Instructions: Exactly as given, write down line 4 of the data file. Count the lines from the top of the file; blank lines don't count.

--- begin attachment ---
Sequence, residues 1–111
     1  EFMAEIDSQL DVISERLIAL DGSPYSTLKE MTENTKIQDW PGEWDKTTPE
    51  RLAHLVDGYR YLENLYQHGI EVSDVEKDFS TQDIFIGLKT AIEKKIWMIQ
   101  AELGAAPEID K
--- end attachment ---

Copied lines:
   101  AELGAAPEID K